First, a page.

FIG. 5C illustrates the substrate of FIG. 5B incorporating an upper cladding layer and a thermoelement. Upper cladding layer 506 may be comprised of a polymer material spun coated onto the upper surface of guiding layer 503′. Thermoelement 507 may be coupled to second cladding layer 506 such that a variance in temperature may be provided. In another embodiment, thermoelement 507 may comprise a layer of chromium operable as a heating element to create a variance in temperature of guiding layer 503′. In one embodiment, thermoelement 507 may be coupled to selective regions of guiding surface 503′. As such, a variance in temperature may be provided to separate regions of guiding surface 503′ thereby providing localized temperature variations and associated thermo-optical responses of guiding layer 503′.

In one embodiment, the thin-film thermo-optic waveguide beam deflector illustrated in FIG. 5C may be fabricated using an optical polymer and GeO2 doped silica waveguide. Substrate 501 may include a planar thin-film silica waveguide layer as guide layer 503 having a thickness of approximately five micrometers. Additionally, cladding layer 502 may be comprised of SiO2 having a thickness of approximately fifteen micrometers. Guiding layer 503 may then be patterned to provide an array of triangular geometric regions or microprisms within guiding layer 503′. The patterned layer may then be etched using a reactive ion etching (RIE) technique operable to etch silica-on-silicon planar waveguide substrates to fabricate microprism structures or regions. For example, micrometer equilateral triangles may be fabricated within guiding layer 503. The resulting microprism cavities within guiding layer 503 may then be spun coated with an optical crosslinking polymer having a similar refractive index as guiding layer 503. For example, the polymer may have a room temperature refraction index of approximately 1.464.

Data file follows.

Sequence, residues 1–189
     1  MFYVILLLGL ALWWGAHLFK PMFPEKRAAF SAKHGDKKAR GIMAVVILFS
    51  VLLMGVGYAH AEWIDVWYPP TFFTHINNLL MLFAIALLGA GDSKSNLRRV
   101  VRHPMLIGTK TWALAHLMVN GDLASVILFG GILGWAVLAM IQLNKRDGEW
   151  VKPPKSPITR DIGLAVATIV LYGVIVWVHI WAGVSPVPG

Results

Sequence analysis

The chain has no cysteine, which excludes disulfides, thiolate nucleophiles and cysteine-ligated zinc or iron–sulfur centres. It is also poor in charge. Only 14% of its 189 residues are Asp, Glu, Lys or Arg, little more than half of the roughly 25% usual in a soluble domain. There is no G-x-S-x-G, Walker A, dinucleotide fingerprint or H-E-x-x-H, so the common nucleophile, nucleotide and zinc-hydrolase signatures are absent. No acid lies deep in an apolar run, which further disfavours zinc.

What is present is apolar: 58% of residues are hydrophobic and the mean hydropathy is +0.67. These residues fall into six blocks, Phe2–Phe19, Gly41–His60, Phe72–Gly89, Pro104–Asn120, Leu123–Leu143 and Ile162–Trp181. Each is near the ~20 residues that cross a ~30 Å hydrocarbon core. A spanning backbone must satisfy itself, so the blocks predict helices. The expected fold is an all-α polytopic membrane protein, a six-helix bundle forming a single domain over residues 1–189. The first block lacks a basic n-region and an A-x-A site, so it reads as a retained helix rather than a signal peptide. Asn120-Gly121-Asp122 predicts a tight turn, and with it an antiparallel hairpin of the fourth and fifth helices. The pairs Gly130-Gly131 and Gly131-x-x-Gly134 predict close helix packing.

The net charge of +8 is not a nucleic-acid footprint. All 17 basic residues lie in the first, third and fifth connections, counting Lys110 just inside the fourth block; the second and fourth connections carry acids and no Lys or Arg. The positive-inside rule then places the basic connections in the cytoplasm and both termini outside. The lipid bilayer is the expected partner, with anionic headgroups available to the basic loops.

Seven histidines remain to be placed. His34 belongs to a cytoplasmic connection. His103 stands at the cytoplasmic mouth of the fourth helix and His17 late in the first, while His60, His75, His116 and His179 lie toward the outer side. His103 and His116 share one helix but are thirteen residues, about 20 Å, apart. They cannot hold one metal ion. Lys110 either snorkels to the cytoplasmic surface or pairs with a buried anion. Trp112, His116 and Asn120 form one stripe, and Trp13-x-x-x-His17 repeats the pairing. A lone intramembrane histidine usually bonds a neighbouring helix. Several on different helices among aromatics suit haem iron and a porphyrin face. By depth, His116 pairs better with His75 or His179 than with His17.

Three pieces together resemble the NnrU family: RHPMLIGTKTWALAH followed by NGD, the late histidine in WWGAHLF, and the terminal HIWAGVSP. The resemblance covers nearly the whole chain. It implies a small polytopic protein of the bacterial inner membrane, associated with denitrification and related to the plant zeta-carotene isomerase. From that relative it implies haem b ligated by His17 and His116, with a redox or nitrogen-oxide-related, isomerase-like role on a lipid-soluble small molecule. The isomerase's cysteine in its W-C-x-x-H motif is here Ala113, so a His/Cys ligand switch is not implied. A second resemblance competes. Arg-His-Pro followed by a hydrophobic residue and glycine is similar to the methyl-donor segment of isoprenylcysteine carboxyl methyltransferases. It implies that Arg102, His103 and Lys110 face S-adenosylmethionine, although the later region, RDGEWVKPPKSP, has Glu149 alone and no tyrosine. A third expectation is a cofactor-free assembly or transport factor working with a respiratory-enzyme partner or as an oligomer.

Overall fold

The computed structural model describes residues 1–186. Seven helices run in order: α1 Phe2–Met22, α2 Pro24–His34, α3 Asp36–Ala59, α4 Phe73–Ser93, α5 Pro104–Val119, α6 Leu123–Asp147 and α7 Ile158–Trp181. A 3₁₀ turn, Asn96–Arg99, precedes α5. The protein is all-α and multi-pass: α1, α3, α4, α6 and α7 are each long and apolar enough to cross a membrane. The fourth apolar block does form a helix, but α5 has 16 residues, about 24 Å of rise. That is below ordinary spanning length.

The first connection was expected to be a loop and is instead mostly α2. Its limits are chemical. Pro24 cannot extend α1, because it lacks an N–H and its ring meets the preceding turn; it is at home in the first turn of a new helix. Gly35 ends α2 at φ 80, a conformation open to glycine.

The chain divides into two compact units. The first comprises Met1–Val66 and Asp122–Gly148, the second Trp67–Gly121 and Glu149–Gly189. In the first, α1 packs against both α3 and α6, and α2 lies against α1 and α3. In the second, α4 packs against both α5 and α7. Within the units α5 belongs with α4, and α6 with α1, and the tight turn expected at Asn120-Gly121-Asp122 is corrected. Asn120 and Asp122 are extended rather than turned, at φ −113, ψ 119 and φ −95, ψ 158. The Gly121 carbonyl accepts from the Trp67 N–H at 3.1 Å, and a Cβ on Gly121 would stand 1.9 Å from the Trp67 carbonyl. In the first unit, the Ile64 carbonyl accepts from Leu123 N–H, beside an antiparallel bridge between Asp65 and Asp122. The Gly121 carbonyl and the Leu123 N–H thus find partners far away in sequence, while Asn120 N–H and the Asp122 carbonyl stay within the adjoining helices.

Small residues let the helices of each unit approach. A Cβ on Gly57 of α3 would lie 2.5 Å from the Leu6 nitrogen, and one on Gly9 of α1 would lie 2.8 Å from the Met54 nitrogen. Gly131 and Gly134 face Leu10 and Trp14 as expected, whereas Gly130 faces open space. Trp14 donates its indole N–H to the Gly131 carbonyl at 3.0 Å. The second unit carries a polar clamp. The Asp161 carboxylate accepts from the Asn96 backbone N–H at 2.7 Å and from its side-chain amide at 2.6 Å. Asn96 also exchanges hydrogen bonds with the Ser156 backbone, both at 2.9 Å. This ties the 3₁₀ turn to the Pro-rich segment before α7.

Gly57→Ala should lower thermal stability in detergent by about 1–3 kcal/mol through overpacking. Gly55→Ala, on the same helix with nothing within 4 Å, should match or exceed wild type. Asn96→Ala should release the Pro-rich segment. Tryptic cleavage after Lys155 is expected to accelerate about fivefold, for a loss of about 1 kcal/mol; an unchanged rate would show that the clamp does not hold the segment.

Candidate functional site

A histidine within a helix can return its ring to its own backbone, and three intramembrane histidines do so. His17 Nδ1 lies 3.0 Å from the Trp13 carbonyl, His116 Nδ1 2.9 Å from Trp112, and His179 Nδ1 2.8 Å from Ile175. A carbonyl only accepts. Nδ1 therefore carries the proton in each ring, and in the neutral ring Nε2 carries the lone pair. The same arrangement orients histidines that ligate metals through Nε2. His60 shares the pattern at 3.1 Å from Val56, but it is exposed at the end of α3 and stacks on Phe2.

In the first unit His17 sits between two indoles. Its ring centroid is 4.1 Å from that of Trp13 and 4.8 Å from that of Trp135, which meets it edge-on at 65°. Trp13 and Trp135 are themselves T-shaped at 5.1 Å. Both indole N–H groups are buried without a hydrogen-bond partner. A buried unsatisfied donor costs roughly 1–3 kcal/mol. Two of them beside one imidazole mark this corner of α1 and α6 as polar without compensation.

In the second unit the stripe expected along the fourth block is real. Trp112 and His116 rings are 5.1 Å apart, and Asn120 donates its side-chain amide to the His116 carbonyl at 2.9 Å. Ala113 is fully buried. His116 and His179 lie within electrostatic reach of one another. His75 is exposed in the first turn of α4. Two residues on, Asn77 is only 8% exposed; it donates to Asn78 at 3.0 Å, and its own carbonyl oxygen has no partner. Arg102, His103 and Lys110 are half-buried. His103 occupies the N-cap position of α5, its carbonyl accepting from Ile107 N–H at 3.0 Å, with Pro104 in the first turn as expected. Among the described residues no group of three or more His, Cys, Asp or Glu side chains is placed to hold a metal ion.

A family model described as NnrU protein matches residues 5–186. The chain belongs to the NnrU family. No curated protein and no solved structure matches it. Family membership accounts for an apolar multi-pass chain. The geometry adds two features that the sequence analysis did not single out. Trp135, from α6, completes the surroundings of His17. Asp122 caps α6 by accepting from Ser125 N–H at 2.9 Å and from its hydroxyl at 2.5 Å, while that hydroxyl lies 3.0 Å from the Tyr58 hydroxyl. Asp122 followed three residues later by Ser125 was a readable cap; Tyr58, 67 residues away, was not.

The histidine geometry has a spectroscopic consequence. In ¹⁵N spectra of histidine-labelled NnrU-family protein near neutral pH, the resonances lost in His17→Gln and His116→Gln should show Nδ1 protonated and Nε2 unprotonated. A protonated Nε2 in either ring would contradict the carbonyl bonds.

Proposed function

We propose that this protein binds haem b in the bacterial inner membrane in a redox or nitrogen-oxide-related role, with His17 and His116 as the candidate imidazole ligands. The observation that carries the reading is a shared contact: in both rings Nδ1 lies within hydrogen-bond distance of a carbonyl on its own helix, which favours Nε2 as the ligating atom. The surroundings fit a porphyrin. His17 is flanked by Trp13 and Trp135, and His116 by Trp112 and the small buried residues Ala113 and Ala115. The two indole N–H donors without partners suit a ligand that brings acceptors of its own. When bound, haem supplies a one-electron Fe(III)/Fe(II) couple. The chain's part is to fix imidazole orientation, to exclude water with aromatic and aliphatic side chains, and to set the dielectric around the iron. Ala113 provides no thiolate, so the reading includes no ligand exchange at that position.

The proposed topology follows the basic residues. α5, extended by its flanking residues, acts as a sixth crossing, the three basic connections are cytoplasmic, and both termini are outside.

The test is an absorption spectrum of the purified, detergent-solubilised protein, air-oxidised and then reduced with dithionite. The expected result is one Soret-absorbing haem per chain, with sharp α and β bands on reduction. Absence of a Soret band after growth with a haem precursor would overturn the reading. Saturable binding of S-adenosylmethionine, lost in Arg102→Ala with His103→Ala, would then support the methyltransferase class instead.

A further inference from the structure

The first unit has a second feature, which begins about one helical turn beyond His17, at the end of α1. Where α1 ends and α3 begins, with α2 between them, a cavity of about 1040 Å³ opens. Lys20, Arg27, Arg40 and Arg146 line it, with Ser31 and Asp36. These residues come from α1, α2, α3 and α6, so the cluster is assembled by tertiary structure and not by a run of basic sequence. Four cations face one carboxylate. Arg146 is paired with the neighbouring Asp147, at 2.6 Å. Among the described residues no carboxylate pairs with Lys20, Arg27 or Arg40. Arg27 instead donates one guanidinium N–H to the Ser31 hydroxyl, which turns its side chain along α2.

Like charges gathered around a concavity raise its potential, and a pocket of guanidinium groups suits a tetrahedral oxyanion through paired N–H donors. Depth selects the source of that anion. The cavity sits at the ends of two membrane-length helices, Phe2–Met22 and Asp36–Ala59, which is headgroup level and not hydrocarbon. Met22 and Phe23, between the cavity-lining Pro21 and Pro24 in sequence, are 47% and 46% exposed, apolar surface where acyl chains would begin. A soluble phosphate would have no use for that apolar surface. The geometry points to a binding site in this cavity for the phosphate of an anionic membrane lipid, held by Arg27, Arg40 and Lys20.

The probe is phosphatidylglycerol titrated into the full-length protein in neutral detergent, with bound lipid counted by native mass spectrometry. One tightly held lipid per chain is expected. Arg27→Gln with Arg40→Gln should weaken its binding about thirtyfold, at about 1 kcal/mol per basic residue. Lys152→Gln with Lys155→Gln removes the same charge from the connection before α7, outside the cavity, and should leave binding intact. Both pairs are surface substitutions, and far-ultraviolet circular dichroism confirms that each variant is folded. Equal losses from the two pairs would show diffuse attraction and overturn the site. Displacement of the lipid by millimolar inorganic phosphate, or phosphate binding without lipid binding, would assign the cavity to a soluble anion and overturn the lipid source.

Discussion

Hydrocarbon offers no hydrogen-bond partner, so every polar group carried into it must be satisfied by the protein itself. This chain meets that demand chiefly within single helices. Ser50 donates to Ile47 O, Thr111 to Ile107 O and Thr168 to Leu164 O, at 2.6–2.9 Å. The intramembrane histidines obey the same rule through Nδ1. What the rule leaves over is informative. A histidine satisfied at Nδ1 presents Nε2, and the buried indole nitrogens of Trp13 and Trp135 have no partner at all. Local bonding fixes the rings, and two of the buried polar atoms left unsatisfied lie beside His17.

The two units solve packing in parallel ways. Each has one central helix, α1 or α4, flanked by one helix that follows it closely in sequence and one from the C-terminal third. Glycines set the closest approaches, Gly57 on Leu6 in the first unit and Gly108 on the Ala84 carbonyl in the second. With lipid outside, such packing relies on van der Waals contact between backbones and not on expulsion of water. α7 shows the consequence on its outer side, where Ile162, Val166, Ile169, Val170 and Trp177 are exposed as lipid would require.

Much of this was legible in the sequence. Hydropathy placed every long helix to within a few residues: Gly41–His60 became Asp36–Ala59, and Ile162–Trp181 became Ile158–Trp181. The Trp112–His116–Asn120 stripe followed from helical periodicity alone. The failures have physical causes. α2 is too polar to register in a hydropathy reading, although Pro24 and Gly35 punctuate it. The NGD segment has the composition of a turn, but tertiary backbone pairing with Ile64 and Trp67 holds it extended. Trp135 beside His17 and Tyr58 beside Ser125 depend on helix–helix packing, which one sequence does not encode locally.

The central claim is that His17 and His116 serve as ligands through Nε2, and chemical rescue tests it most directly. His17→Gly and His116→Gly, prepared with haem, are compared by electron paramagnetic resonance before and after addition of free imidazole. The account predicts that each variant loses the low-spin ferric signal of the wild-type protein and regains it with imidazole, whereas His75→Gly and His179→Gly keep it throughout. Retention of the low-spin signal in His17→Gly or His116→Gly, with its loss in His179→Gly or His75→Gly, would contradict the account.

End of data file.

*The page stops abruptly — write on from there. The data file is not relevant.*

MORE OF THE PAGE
In one embodiment, low-loss cross-linked polyacrylates may be used in association with fabrication of guiding layer 503′ and upper cladding layer 502 and lower cladding layer 506 with each having an optical refractive indices of 1.464 and 1.420, respectively. These polymers have a glass transition temperature Tg of 60° C. and are thermally stable up to approximately 250° C. After cross-linking an optical loss of approximately 0.2 dB/cm at 633 nm and 0.3 dB/cm at 1550 nm may occur. Cross-linking the polymer may be accomplished by spin-coating the optical polymer on the surface of guiding layer 503 to assist in providing guiding layer 503′. The polymer waveguide arrays may then be cross-linked by exposing the structure to ultraviolet light at a specified pressure. For example, the structure may be exposed to an EFO Sultracure 100 ss Plus Lamp for forty minutes. The optical characteristics may then be evaluated with the Metricon 2010 Prism Coupler System for optical loss and index measurements.

Polymer-coated guiding layer 503′ may then be polished and examined with a microscope inspection system to ensure that guiding layer 503′, comprised of polymer and doped silica, have a thickness of approximately five micrometers. Upon obtaining a desirable structure, guiding layer 503′ may then be spun coat with a polymer layer to form upper cladding layer 506 having a refraction index of approximately 1.420 and a thickness of approximately five micrometers. The overall length of guide layer 503′ may have an approximate length of seven millimeters. Upon providing upper cladding layer 506, thermoelement 507 comprised of a thin-film metal, such as chromium, may then be deposited on upper cladding layer 506.